Budget greeted with cheers and jeers

Chorus of cheers and jeers that have for years become a feature of budget statements and fiscal policies presentation in Ghana’s parliament was on full display yesterday when the Minister of Finance, Ken Ofori-Atta, delivered the 2020 edition.

Both the Majority and Minority sides of the House cheered and jeered to show their approval or disapproval of the highlights of the 152-page document which outlined government’s plan of projects for the year.

For close to three hours, the minister, who had the voices of the Majority caucus behind him, delivered the budget, titled, “Nkosuo and Nkabom Budget” to wit, progress and unity, to a fully packed House.

It was the final budget statement of the current government ahead of next year’s general elections.

The cheers and jeers, however, was not a disruption to members of the House and the attending public who were seen following the presentation to apprise themselves of government’s intentions in the coming year.

A fully-packed Minority caucus, led by Member of Parliament (MP) for Tamale South, Haruna Iddrisu, jeered at the Finance Minister on plans, policies, and projections they disagreed with.

In response, the Majority caucus, led by Osei Kyei-Mensah-Bonsu, MP for Suame, and supported by Vice President Alhaji Dr Mahamudu Bawumia and colleague Ministers of State, cheered government’s achievements and intentions announced by Mr Ofori-Atta.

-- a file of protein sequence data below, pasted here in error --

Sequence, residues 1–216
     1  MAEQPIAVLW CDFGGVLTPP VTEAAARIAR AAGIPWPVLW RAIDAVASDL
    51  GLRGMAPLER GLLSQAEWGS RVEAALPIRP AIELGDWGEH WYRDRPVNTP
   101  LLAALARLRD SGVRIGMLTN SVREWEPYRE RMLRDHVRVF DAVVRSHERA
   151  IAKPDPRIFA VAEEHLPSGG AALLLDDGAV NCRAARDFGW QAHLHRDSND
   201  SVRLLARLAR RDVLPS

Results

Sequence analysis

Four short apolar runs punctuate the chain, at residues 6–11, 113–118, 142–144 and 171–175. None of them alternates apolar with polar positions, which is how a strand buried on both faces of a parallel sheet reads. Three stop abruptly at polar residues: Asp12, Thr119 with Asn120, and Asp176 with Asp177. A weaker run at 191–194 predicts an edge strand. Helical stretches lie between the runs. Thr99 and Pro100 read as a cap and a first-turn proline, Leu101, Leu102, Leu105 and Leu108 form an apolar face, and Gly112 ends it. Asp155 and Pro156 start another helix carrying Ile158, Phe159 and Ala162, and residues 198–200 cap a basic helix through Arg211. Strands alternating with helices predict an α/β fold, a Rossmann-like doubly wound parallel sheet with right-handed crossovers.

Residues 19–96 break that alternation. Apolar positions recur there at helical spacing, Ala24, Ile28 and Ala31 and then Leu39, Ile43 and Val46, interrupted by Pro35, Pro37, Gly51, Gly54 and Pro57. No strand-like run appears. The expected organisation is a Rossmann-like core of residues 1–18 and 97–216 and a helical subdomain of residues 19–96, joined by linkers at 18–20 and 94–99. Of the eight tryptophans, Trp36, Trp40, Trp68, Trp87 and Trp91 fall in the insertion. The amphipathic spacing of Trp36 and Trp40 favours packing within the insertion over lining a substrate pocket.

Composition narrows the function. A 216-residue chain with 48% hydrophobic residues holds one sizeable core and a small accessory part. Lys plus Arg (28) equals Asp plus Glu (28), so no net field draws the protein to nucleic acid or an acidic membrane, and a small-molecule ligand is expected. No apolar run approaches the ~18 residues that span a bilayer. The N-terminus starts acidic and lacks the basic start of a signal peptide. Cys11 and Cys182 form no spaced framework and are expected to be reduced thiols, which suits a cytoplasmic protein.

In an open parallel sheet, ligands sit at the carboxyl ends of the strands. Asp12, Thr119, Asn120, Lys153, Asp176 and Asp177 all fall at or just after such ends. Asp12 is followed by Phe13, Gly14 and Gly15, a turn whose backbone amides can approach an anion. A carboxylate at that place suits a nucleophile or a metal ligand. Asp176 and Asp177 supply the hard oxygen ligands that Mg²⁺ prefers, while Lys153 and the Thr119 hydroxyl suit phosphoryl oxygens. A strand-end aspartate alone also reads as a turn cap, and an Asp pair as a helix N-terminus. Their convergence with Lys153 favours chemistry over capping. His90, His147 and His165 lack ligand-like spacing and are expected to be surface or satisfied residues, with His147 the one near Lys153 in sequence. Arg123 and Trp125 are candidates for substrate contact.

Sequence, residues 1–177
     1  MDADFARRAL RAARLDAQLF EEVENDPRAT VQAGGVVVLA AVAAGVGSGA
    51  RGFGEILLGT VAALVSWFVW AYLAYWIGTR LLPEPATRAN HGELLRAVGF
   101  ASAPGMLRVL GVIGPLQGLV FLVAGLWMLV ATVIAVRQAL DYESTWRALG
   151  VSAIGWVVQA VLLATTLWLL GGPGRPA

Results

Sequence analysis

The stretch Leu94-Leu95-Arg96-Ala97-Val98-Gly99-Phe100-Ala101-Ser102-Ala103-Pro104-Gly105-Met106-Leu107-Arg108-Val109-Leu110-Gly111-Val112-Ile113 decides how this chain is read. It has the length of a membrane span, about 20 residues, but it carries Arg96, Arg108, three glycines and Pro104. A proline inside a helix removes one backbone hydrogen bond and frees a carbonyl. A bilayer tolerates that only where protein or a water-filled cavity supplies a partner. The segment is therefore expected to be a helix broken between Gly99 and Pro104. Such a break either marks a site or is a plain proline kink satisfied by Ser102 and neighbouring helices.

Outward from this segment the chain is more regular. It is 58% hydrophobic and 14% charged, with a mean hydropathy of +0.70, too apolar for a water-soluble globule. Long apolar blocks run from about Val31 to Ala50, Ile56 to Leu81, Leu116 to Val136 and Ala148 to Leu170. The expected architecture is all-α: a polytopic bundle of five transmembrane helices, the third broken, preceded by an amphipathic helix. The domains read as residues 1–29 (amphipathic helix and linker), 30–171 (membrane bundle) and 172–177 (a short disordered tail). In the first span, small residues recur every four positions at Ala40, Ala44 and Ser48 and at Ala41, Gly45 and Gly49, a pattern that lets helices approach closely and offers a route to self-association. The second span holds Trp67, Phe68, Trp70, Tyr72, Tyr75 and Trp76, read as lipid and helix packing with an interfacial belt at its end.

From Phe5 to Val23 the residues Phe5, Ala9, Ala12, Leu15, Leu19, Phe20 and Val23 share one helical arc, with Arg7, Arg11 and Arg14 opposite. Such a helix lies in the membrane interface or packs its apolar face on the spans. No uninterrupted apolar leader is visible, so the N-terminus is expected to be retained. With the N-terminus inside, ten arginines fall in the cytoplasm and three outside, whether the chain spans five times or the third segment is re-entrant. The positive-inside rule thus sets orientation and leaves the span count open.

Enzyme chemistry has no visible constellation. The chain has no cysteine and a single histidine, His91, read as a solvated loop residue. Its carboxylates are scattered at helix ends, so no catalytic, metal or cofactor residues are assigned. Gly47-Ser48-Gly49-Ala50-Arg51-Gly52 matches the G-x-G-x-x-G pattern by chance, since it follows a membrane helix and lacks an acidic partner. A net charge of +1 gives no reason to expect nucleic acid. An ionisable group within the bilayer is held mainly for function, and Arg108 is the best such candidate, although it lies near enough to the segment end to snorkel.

Midway through the presentation, Speaker of Parliament, Professor Aaron Mike Ocquaye, was compelled to call members to order as the loud cheers and jeers became disruptive to the flow of the presentation.

Though the House responded positively to the orders, some members, however, on few occasions, found ways to shout their opinions on government’s economic achievements and plans.

The Free Senior High School Policy, taxes, fight against corruption, the Nation Builders Corps, job creation, restoration of trainee allowances and the health of the economy, attracted the most reaction from the Minority and response from their colleagues in the Majority.

The loudest cheers and jeers were, perhaps, reserved for the biblical quotations, which have become a ritual for the Minister of Finance when presenting budget statements in the chamber.  

At about 11:20 a.m., the Finance Minister, who was dressed in his all white apparel, and arrived in Parliament in the company of Vice President Dr Bawumia, commenced the highly-anticipated presentation to a packed House.

A fired-up Minority caucus, which had turned up in their numbers to match the numbers on the side of their opponents, called on Mr Ofori-Atta to “deliver the budget” and stop the preaching.

For long periods, the House remained quiet, but came to live intermittently anytime the Minister spoke on policies and plans that had sparked debates between the two sides.

Displaying papers with the inscription “Bye Bye Budget”, the Minority caucus sang “bye bye oooo, bye bye oooo” when the presentation came to an end; in response, the Majority caucus sang victory songs and cheered on the Finance Minister.


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